By then, my son, Lucky, who had been guarding the other doorway (the back door) had also arrived at the front door, coming through the house. He pushed out the door past Billy and Alene and shot at the thing while it was still on the overhang above the front door."
(End)


"I kept trying to get him to come in the house and shut the door".

John Charles Sutton?

If affirmative, then consequently... at the time the supper dishes were being attended to and the children readied for bed, John Sutton was outside, fruitlessly discharging his boxes of ammunition.

Mrs Lankford urged him to come back inside as there was no obvious threat.

Later, that evening.... around 10.p.m., there was a new development, when Alene.... etc.

Would something along these lines be permissible?
 
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But surely at that (pre 10pm) point she statedly wasn't paying any attention at all, thinking that people were only "fooling around". Why would she have then encouraged J C, or whoever, to come inside and formed the opinion that "the things weren't doing us any harm" if she wasn't even aware there were any "things"?

If this was real, it has to relate to the period between 10pm and the family decamping to Hopkinsville.
 

EnolaGaia

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... Why would she have then encouraged J C, or whoever, to come inside and formed the opinion that "the things weren't doing us any harm" if she wasn't even aware there were any "things"? ...

This is a key point. The bit about Ms. Glennie pleading with one or another of the men to simply withdraw inside the house and ignore the visitors appears in a lot of the accounts, but it's not mentioned consistently in terms of when it occurred or what specific event is happening or about to happen.

In any case, I fully agree her pleading for the men to abide the visitors makes no sense until and unless she's convinced there are visitors out there. Prior to that point she'd simply be asking them to 'behave' (which may also have happened).
 

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If this was real, it has to relate to the period between 10pm and the family decamping to Hopkinsville.
Fabulous feedback, as per usual.

I wrote:

"... "I kept trying to get him to come in the house and shut the door".

John Charles Sutton?"...

You are suggesting, no, it's *'Lucky' Sutton and instead - this is still assuming that quote comes from Andre's letter - it possibly fits here?:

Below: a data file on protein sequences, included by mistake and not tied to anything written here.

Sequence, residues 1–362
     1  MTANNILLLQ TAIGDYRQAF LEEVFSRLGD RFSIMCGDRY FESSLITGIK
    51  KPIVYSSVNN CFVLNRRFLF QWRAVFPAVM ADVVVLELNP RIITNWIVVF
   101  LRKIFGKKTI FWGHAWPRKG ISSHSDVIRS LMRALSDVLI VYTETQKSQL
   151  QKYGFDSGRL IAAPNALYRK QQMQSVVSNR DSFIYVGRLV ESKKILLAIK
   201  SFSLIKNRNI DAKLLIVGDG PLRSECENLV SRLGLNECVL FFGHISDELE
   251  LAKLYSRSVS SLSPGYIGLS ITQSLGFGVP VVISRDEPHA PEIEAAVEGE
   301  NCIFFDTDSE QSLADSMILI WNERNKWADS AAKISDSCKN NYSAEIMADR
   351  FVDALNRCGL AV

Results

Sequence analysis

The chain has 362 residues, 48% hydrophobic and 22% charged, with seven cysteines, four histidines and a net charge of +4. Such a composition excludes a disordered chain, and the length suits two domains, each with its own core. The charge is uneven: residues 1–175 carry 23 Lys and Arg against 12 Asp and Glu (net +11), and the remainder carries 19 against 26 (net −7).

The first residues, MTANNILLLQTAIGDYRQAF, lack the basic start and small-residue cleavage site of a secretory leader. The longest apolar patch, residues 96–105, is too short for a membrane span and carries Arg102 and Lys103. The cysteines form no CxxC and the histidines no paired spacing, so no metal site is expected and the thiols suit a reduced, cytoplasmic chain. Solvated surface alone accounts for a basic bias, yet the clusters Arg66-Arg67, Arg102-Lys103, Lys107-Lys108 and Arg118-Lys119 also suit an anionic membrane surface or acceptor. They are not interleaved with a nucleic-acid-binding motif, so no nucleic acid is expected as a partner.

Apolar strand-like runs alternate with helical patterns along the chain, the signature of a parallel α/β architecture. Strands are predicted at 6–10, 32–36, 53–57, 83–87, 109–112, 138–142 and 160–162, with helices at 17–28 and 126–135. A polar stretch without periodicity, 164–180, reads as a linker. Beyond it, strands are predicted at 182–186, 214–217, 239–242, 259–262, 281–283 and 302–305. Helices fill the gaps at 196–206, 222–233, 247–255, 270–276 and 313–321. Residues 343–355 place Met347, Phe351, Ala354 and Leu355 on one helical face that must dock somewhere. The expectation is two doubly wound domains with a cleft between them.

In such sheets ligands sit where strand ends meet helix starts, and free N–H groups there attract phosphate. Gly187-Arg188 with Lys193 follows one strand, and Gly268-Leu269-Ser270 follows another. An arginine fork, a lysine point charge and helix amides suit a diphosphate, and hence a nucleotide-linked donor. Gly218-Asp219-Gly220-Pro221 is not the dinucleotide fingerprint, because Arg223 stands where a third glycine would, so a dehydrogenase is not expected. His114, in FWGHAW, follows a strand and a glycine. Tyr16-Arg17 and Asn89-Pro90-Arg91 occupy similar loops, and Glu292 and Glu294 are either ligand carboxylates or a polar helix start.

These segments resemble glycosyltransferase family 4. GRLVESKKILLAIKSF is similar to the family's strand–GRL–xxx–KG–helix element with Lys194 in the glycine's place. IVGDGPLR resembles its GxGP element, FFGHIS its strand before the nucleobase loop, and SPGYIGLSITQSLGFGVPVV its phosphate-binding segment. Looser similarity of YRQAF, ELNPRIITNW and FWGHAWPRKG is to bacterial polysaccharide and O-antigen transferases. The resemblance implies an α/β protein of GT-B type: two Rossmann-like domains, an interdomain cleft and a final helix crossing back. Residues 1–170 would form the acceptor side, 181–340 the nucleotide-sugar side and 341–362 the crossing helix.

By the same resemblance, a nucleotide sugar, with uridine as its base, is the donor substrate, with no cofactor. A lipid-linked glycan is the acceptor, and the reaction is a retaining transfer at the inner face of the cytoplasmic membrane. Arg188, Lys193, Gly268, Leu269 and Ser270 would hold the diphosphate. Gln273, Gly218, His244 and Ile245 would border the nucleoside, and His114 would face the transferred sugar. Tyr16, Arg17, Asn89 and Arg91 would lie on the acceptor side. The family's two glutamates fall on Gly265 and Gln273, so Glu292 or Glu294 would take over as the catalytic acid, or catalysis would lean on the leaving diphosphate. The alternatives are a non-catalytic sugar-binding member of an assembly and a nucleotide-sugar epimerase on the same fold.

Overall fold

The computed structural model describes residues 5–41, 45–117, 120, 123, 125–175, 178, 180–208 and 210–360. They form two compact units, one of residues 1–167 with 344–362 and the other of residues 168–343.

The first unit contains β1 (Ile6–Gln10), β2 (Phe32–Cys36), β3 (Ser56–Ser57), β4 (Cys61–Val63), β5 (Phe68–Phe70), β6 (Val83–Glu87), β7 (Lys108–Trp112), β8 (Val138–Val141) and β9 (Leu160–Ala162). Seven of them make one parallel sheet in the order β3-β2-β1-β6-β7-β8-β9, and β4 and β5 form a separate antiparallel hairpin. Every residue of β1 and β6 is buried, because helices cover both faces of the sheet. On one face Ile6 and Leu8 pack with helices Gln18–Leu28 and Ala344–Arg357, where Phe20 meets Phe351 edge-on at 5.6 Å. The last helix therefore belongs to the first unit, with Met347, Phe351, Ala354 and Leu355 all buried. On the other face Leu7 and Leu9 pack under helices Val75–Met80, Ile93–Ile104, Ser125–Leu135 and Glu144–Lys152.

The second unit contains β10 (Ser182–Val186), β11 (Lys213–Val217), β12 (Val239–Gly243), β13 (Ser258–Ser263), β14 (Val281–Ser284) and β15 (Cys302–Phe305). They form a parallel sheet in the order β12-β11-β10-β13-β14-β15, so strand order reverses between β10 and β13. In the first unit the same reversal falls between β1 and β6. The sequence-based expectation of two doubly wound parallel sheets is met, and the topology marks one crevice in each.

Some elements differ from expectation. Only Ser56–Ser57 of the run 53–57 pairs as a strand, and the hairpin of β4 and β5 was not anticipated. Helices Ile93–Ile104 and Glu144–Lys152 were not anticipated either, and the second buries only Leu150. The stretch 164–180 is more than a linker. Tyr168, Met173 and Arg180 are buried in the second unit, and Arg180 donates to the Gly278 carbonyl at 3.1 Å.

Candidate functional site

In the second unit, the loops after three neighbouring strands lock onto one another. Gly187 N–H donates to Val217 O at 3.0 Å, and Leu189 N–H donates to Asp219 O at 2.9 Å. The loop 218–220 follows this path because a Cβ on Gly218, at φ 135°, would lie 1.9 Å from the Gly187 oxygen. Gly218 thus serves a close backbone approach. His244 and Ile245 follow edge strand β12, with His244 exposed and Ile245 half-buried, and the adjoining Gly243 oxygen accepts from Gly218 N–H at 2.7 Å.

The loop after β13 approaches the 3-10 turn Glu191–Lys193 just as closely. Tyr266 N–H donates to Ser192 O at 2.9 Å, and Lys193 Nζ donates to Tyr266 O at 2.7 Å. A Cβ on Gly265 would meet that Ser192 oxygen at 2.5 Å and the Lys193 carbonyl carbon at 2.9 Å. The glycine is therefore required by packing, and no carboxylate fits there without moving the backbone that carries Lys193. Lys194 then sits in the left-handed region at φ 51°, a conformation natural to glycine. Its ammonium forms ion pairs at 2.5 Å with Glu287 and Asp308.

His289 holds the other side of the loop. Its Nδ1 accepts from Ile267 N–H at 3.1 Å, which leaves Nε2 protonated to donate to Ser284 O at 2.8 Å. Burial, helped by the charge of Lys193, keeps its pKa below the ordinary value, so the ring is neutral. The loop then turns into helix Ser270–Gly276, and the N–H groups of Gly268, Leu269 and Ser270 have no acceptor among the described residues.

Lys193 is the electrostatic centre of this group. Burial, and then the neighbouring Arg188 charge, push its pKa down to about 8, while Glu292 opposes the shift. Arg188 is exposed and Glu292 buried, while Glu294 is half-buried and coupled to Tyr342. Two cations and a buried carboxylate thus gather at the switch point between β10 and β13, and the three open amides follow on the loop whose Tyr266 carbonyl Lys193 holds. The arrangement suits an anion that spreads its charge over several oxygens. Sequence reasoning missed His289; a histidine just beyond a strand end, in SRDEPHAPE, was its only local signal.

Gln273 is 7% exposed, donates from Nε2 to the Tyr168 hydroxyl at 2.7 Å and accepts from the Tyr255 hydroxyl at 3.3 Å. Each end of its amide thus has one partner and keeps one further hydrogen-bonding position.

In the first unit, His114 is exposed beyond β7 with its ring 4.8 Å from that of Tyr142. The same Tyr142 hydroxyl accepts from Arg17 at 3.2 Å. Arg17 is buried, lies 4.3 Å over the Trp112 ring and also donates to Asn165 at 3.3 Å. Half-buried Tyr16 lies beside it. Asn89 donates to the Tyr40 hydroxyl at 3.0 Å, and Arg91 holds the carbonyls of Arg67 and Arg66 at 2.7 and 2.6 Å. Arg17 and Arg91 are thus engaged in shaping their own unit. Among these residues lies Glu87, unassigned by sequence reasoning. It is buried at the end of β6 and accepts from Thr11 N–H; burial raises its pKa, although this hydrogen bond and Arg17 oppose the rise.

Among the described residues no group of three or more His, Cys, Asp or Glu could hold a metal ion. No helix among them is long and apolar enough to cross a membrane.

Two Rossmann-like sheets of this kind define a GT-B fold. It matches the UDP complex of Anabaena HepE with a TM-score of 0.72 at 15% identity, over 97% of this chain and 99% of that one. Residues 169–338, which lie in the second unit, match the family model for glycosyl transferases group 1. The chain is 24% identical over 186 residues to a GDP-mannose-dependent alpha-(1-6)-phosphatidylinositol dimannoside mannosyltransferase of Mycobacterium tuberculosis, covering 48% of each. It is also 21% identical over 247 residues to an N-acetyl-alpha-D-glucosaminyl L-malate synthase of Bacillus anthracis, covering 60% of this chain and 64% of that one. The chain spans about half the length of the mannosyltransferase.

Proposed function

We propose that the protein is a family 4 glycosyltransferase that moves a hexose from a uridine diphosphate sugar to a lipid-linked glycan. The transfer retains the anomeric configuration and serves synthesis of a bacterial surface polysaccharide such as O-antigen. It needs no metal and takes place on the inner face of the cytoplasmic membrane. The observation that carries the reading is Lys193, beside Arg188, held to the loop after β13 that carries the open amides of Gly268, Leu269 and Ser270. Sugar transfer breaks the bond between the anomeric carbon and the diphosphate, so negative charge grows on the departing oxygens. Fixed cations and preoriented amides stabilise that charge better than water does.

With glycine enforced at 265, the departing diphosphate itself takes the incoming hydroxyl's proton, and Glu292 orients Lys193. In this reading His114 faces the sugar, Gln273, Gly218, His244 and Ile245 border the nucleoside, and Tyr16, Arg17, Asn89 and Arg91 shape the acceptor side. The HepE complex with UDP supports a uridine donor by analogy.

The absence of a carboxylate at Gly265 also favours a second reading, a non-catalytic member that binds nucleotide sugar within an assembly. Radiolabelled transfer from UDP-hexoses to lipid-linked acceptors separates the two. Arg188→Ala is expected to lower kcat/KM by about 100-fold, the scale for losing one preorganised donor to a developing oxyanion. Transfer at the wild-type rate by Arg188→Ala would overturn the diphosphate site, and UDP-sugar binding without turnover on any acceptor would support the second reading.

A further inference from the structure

"He pushed out the door past Billy and Alene and shot at the thing while it was still on the overhang above the front door.

I kept trying to get him to come in the house and shut the door. The things weren't doing us any harm".

If the case - and again, merely speculation, trying to make sense of it - Isabel has extracted this specific quote from the end and attributes same to mean that during the ongoing return of the creatures, Mrs Lankford didn't panic.

In doing so, it now accomodates Isabel's conviction that 'Lucky' said the creatures returned another six times.

Effectively, having expressed that nobody was keeping an eye on the time and implying Mrs. Lankford is doubtless mistaken the 'hair touch' occurred 'about 10:30 p.m.', this final sentence - if so - is still useful:

"But as their invulnerable visitors returned again and again, matters got worse. Mrs. Lankford did not panic ("I kept trying to get him to come in the house and shut the door. The things weren't doing us any harm"), but the other women...".

Thank looks to be conceivable?

*Edited
 
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Comfortably Numb

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....it's not mentioned consistently in terms of when it occurred or what specific event is happening or about to happen.
Absolutely so - it's assuming the quote does actually originate from Andre's letter.

I wondered if it might relate to John Sutton and that now doesn't seem likely.

It's not a huge issue and my query if it was deemed conceivable, resulted from attempting to find a context for the apparent John Sutton 'barrage'.

Still not entirely clear when that occurred?
 

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Well, there's several possible options:

- J. C. fires off a large amount of .22 ammunition at some point during the evening, leading to Lucky's "four boxes" claim
- Taylor fires off a large amount of .22 ammunition
- Both men get through four boxes of ammunition between them
- "Boxes" was actually some other, smaller unit of measurement (e.g. "clips")
- "Four boxes" was the product of Lucky's imagination or a verbal device simply intended to convey "a whole lot" but taken literally by his listeners

I agree it looks very much as if the claim about using a lot of .22 ammunition is probably more likely to be connected with J. C. than Taylor based on the evidence upthread, as the claim about Taylor appears to be identical to the one about J. C. Whether so many shots were fired - no idea. Where would the evidence have gone?
 
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Here's what the earliest news reports said about .22 ammo consumption during the incident ...

Kentucky New Era, 22 August (Reporter(s) on the scene that night)
Deputy Sheriff Batts said the men told him that in all they fired up about four boxes of .22 pistol shells.

Madisonville Messenger, 22 August (Reporter on the scene that night)
John Sutton said he fired four boxes (200) of .22 cartridges at the creatures ...

Evansville Press, 22 August (Lucky, John & O. P. interviewed in Evansville)